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2 Tutorials that teach Applying Divine Command Theory
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Applying Divine Command Theory

Applying Divine Command Theory

Author: John Lumsden
Description:

Given a situation, apply divine command theory

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Tutorial
In this tutorial we will look at the relationship between our everyday ethical views and the commands of God, before considering how divine command theory evaluates specific ethical situations. Our discussion will break down like this:
  1. Agreement with Everyday Morality
  2. Disagreement with Everyday Morality
  3. Some Uncertain Cases
  4. Topics in Applied Ethics


1. Agreement with Everyday Morality

To begin with, recall that divine command theory says that we can only know if an action is right or wrong on the basis of God's commands. If you want to evaluate actions according to this ethical theory, then you must find out what God has to say about it. If you cannot find a command for a certain action, then it is neither wrong nor right.

Sometimes our standard or everyday understanding of right and wrong agrees with what God commands.

Most people consider cheating on your wife or husband to be morally wrong. This agrees with God’s command against adultery.

Another common ethical view is that stealing is wrong. Again, this is in agreement with divine command theory since there is a prohibition against stealing in the Ten Commandments.


2. Disagreement with Everyday Morality

There are actions or practices that many people would think are neutral (in the moral sense of being permissible, but not obligatory), which God commands against.

Consider someone that admires their favorite artist and finds spiritual fulfillment because of this. Although many people may not understand this relationship to art, they wouldn’t usually object to it morally. For a divine command theorist, however, this is morally impermissible since God commands against idolatry (the worship of created things, such as images).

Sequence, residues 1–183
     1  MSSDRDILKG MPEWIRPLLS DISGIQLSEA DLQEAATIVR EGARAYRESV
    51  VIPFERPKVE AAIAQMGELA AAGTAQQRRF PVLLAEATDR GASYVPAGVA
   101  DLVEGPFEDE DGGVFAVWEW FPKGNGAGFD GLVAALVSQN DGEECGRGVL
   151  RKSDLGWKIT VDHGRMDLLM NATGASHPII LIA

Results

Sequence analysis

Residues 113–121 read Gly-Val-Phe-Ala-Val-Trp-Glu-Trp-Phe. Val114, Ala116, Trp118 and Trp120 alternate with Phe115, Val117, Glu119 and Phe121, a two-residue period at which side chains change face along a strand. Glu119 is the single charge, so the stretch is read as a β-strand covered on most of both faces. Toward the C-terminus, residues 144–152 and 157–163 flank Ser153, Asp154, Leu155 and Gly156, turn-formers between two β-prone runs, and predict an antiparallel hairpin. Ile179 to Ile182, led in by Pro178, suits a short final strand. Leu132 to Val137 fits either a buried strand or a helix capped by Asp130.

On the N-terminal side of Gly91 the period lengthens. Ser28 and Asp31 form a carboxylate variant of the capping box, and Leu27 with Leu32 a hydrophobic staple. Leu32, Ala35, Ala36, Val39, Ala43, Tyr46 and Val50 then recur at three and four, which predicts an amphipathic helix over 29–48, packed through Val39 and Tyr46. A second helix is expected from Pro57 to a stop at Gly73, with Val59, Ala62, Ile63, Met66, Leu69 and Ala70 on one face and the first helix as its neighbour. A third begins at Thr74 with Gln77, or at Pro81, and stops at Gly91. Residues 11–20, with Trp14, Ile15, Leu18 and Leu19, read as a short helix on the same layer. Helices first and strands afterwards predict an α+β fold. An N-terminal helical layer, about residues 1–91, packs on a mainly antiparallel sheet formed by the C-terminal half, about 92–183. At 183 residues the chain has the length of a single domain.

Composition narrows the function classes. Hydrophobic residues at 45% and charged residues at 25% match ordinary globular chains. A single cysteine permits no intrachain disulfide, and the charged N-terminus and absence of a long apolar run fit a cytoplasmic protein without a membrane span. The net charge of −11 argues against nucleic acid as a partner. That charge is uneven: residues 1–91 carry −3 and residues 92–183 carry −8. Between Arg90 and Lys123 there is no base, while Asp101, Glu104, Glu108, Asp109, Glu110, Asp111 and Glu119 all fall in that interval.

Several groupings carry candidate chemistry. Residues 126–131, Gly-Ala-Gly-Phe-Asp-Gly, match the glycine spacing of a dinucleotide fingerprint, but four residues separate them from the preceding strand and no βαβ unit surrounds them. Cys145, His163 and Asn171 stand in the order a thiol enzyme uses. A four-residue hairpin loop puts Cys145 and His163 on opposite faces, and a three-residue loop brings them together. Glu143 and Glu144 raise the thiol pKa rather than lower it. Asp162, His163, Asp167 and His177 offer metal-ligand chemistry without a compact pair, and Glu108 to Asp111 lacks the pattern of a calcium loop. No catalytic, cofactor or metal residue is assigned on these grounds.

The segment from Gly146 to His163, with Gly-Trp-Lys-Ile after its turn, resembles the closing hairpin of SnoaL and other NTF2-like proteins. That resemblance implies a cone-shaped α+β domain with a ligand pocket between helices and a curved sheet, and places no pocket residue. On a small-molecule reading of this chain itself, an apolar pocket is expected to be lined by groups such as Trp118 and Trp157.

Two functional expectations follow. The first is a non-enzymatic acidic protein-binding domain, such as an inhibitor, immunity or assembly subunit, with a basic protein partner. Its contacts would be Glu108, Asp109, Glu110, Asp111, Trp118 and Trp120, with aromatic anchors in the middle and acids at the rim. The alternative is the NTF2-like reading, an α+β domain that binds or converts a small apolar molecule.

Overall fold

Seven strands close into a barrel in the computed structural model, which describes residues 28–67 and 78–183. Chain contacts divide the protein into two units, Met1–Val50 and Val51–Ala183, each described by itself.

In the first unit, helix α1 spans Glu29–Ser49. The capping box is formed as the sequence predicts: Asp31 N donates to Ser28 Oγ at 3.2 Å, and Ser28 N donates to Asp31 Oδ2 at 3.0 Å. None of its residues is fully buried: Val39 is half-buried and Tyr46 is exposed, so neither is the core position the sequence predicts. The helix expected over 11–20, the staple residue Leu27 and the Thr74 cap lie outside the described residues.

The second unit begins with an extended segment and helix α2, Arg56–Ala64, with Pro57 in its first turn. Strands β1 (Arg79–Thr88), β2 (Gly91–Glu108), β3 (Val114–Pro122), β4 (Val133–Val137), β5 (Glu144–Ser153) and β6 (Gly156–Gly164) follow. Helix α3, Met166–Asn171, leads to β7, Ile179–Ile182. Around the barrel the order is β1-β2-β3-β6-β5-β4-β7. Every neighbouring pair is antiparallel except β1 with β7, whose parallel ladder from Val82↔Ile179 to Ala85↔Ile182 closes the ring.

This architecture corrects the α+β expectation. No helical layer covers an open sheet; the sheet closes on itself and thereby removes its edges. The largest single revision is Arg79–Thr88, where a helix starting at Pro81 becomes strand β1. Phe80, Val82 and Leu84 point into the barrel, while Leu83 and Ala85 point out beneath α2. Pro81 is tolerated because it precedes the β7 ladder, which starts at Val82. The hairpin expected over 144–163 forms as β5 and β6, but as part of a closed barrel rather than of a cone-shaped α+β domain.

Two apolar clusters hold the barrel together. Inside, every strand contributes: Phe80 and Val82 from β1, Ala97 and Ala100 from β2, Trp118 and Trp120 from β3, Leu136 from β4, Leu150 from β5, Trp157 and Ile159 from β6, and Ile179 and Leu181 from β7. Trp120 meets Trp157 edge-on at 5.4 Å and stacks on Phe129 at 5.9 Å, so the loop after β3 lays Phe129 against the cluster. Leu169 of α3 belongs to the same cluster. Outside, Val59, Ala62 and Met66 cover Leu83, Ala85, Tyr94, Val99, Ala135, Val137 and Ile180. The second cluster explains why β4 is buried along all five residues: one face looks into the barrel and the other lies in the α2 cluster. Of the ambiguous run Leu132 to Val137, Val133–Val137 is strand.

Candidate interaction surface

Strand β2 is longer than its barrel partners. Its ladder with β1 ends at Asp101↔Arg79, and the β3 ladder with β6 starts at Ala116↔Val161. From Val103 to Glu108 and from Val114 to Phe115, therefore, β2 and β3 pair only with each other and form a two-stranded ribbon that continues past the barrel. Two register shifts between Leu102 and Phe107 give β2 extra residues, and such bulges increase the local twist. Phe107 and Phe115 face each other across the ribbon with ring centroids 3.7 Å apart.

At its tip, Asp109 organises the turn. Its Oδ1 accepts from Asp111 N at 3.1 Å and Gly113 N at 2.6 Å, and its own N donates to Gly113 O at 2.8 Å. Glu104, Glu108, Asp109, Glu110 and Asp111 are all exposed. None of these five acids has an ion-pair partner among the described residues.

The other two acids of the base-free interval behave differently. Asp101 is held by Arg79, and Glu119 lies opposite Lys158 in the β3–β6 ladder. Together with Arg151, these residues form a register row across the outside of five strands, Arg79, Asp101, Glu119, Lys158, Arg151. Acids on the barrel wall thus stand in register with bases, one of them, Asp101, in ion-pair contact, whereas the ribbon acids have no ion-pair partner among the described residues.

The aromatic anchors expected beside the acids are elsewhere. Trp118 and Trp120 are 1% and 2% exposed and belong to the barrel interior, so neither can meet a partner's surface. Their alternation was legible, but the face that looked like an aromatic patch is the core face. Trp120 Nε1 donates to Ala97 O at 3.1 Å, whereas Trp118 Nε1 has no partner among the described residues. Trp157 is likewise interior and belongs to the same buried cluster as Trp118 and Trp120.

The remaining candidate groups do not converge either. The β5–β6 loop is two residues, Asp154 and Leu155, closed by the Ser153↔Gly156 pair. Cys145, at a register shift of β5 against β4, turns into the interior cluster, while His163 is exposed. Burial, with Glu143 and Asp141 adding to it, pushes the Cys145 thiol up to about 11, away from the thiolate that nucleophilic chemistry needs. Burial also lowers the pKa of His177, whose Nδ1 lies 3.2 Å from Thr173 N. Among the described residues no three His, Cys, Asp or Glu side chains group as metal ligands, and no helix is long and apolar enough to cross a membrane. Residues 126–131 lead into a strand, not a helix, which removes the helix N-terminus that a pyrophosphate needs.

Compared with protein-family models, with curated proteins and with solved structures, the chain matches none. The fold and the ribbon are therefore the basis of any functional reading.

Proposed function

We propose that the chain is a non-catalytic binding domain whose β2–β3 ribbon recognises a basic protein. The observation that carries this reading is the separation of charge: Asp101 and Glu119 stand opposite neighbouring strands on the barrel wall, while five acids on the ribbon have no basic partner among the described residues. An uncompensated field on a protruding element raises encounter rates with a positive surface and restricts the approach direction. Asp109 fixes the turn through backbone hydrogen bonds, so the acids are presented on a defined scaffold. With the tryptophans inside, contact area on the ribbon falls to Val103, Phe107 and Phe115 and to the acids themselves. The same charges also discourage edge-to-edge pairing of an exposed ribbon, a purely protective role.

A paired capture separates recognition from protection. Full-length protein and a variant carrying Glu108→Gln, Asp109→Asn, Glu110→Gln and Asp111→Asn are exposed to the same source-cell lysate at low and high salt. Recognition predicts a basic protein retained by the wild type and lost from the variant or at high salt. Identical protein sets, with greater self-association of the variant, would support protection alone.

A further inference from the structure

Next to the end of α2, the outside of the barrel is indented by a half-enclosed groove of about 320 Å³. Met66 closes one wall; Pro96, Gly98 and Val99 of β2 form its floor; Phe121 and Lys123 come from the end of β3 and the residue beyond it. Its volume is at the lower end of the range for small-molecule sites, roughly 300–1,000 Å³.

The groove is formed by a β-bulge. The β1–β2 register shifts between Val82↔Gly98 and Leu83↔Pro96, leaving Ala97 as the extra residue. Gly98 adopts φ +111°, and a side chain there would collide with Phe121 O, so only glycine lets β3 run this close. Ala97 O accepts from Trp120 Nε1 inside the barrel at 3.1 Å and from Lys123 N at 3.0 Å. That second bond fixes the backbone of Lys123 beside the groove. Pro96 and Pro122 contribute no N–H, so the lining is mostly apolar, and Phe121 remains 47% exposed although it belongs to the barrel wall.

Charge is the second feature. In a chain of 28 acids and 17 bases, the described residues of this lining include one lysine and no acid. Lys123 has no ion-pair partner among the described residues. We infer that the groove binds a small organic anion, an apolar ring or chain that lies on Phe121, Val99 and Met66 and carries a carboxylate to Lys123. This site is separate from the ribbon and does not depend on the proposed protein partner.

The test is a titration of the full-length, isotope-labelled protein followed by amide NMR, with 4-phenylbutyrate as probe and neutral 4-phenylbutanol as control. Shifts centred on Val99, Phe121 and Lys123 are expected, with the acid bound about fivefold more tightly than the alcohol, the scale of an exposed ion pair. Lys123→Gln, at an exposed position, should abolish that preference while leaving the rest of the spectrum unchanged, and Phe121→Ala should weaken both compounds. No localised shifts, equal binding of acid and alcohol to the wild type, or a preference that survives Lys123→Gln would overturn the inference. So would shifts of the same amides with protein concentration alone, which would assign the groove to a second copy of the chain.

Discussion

It may also happen that there are things you would find morally impermissible, but divine command theorists would say are obligatory because they are actions that God commands you must do.

If you sacrificed your son, most people would think this is morally terrible. But God commands Abraham to sacrifice his son, Isaac (even though God's command is withdrawn before Abraham fulfills his duty).


3. Some Uncertain Cases

Sometimes it is not clear whether or not our everyday moral views fit with divine command theory. For instance, we just saw that human sacrifice was commanded by God and that many people would object to this because they find killing morally wrong.

But God also commands that we shouldn't kill. It is thus uncertain or ambiguous what would be permissible or impermissible according to divine command theory here.

It is also uncertain whether most people would agree with the command against greed. The illustration below shows two examples of everyday views on wealth, which go against each other.

Sometimes people think it's permissible to keep adding to your wealth, even while people struggle to get by.  While sometimes people think accumulating wealth in excess of need is not morally permissible.

The cases considered in this section show that it is not always clear how our ethical intuitions fit with God's commands.


4. Topics in Applied Ethics

Philosophers working in ethics often try to apply ethical theories to specific situations. Let’s consider how a divine command theorist might apply their ethics to the following issues.

  1. The moral permissibility of suicide
  2. The moral permissibility of abortion
  3. The moral permissibility of war

Here are the positions that divine command theorists take on these issues.

Divine Command Theorists and Applied Ethics
Suicide Although God doesn't command against suicide, God does command against killing, which is thought to include killing ourselves.
Abortion God doesn't command against abortion. But if it is assumed that unborn fetuses count as people, then it is the same as killing.
War God Commands war under certain circumstances. However; understanding what circumstances justify war can be difficult.


If you disagree with God’s commands and the judgments drawn from them, then you may not think divine command theory is the best ethical framework for judging which actions are right and wrong.


We started this tutorial by seeing how divine command theory can be in agreement with everyday morality, and then how it can be in disagreement with everyday morality. We saw how some of God’s commands sometimes fit with our common judgments, and sometimes do not.

Then we looked at some uncertain cases where it was not clear whether there was complete agreement between God’s commands and our usual ethical judgments. Finally, some topics in applied ethics were considered from the perspective of divine command theory.

Source: Money Image, Public Domain, http://bit.ly/2bsiDaQ